Earthy Elegance | Porcini Mushroom and Chicken Liver Pâté

I have been craving pâté for a couple of weeks.

This coming from the girl who couldn’t stand liver growing up.  But as times change, so do ingredients.  With such widespread availability from so many great producers, its a great time to revisit some of the things you thought you didn’t like.  You might be surprised.

It’s a craving that makes some sense.  Chicken livers are a powerhouse of iron as well as a slew of other minerals, and they have a high vitamin content too.  So if you’re feeling a little run down, do yourself a favor and find some high-quality livers.  These beautiful ones were from North Market Poultry and Game, because honestly, they have the best chickens in Columbus, and therefore the best livers.

I followed this recipe from Gordon Ramsay, because no matter how he acts on American television, this guy can cook.  And this recipe produced, rather simply, with just a few ingredients, something that was a serious treat to eat.  Served on some crispy toasts or small slices of fresh baguette, the pâté has an earthy, forest-like fragrance to it thanks to the porcini mushrooms and woodsy thyme.  It’s a dish that evokes luxury, but if you stop to think about it, it’s quite humble indeed.

A few PK tips if you decide to make this some Saturday.  If you’re here in Columbus, use Snowville‘s whole milk to soak the livers in overnight, it elevates the dish, I think.  And while you’re at it, just buy some of the whipping cream and fix up a quick batch of butter to clarify and pour over the top of the pâté to seal.  If you’re taking care, go all the way.  Take the time and press the pate through a sieve to ensure the mixture is silky.  When you taste it you will appreciate your own efforts.  When you’re ready to serve the pâté, take it out of the fridge a bit before you’re ready to serve it.  I marveled at how the flavors blossomed as it warmed from cool to room temperature, almost like a cheese.

Playlist included Teenage Suicide Don’t Do It by Big Fun.  There is a link there, believe it or not.

March 22, 2011

Three Ingredient Garnish | Avocado Lime Crema

A Saturday shopping trip to my favorite little Mexican grocery store turned up tortillas that rival many I’ve had in Texas, dried corn husks, great cheeses including cotija and Oaxaca, bulk beans, and avocados.

I’ve been kind of obsessed with avocados since reading this fantastic short article in Eating Well (helpfully compiled in Best Food Writing of 2010) about a tiny spot in the Mexican state of Michoacán that is perfectly suited to growing the best avocados in the world, year-round.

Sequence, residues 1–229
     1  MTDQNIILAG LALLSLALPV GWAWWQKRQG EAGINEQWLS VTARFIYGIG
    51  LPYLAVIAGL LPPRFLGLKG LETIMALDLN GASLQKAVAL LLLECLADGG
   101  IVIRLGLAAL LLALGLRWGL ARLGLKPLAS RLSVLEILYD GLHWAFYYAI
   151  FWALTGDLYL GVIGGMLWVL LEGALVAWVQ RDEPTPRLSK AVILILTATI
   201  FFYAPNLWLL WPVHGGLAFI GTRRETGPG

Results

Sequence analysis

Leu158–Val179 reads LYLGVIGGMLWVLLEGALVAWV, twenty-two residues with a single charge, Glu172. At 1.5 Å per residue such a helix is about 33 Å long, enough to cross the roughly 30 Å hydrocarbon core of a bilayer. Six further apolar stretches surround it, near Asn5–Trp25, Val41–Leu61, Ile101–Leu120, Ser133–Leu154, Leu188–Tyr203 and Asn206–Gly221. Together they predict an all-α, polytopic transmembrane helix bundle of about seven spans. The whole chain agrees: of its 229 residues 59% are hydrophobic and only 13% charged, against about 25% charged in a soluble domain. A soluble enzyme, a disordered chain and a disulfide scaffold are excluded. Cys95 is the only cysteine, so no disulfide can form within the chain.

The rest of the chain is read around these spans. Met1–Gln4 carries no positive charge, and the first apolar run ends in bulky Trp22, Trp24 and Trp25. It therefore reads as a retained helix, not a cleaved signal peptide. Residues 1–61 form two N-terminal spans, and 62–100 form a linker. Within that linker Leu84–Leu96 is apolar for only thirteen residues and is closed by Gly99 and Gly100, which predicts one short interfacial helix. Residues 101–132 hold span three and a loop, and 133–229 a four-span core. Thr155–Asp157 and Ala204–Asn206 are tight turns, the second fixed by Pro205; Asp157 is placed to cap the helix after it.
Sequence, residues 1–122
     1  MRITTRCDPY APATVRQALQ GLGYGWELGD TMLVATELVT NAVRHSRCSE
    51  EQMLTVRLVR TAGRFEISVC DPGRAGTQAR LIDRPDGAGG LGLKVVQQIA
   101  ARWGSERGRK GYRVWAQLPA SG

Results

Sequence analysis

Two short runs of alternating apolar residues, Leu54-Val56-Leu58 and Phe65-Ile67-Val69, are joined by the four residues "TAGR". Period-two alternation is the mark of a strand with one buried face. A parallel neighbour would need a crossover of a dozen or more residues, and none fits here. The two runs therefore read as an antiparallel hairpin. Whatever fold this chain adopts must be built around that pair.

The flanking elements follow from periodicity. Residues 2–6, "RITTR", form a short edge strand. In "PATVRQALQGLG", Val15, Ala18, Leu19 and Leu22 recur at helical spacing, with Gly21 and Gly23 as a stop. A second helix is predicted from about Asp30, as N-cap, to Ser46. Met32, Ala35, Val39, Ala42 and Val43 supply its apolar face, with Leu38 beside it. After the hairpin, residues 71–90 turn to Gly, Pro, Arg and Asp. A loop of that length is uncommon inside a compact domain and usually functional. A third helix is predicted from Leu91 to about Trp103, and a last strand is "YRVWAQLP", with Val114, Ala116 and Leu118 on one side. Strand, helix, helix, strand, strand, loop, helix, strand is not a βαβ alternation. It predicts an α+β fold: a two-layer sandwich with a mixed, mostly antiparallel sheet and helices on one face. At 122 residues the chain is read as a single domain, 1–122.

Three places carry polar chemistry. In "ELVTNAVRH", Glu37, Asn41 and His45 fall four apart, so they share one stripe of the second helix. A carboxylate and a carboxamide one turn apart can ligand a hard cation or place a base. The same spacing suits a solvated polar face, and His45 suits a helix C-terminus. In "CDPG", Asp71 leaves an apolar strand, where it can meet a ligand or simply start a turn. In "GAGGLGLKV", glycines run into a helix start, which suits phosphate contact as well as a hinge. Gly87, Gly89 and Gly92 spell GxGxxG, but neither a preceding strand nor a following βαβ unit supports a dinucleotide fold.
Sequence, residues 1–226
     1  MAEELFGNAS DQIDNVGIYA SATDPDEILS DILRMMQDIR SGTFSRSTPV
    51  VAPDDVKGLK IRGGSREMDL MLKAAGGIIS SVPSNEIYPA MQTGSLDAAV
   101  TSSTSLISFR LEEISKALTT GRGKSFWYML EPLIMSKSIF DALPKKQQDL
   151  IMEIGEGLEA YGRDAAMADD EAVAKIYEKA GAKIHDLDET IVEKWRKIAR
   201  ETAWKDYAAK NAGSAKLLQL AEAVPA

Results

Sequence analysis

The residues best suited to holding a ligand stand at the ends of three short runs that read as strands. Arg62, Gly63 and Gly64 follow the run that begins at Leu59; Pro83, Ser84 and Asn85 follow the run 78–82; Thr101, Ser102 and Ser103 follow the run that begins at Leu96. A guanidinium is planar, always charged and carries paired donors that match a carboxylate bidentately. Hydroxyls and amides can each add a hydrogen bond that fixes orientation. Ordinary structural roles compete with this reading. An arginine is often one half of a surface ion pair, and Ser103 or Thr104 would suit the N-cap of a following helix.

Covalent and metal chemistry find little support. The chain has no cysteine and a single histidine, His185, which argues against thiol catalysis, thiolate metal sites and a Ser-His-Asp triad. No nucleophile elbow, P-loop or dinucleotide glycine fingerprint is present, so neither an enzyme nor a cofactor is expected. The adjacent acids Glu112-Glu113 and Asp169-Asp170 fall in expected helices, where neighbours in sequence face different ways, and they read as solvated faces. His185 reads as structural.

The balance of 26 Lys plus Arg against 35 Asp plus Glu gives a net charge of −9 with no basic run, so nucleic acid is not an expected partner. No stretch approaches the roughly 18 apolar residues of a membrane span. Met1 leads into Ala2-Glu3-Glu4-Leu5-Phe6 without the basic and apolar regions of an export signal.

On Sunday, I was remiss in posting this three ingredient garnish (one of which is avocados, natch) that is delicious on spicy tacos, as a substitute for mayonnaise in chicken salads (I will be doing this a lot during the summer for sure) and perfect on, what else? huevos rancheros.  It is not guacamole: because it’s not spicy and it’s got crème fraîche in it.  Use it as a cooling counterpoint to hot and spicy foods.  Perhaps some chipotle wings… hmmm…

Avocado Lime Crema

Note the teeny tag that says it's from Michoacán.

1 ripe avocado (Haas are my favorites, choose one that gives a bit in your hand, but isn’t mushy – or alternately – hard as a rock)

1/2 c crème fraîche, or crema or sour cream

Zest and juice from 1/2 lime

Salt to taste

Scoop the avocado flesh into a food processor, add the crema, lime and salt and process until smooth.  Careful you don’t process too much- could this Snowville crème fraîche turn into butter?

Serve. Perhaps in the scooped out avocado hulls?

Playlist included Whirring, by The Joy Formidable.

March 16, 2011

Irish Cooking | Poached Salmon on Brown Bread

It’s a marvelous, make ahead kind of a lunch.

Poach a bit of salmon the night before, bring along a slice of leftover pint bread, a tiny cup of homemade crème fraîche and add a few thin slices of onion, some fresh dill if you have it, a caper or two if you want.  It is perhaps one of the healthiest things you could take for lunch, plus it’s simple, and tastes luxurious.

PK tip: this assembles in moments.  Pack the salmon along with the dill and onion, but pack separately the crème fraîche and the bread.  Yet another thought: wouldn’t this also make fabulous little quick appetizers?

Your cube mates will be jealous.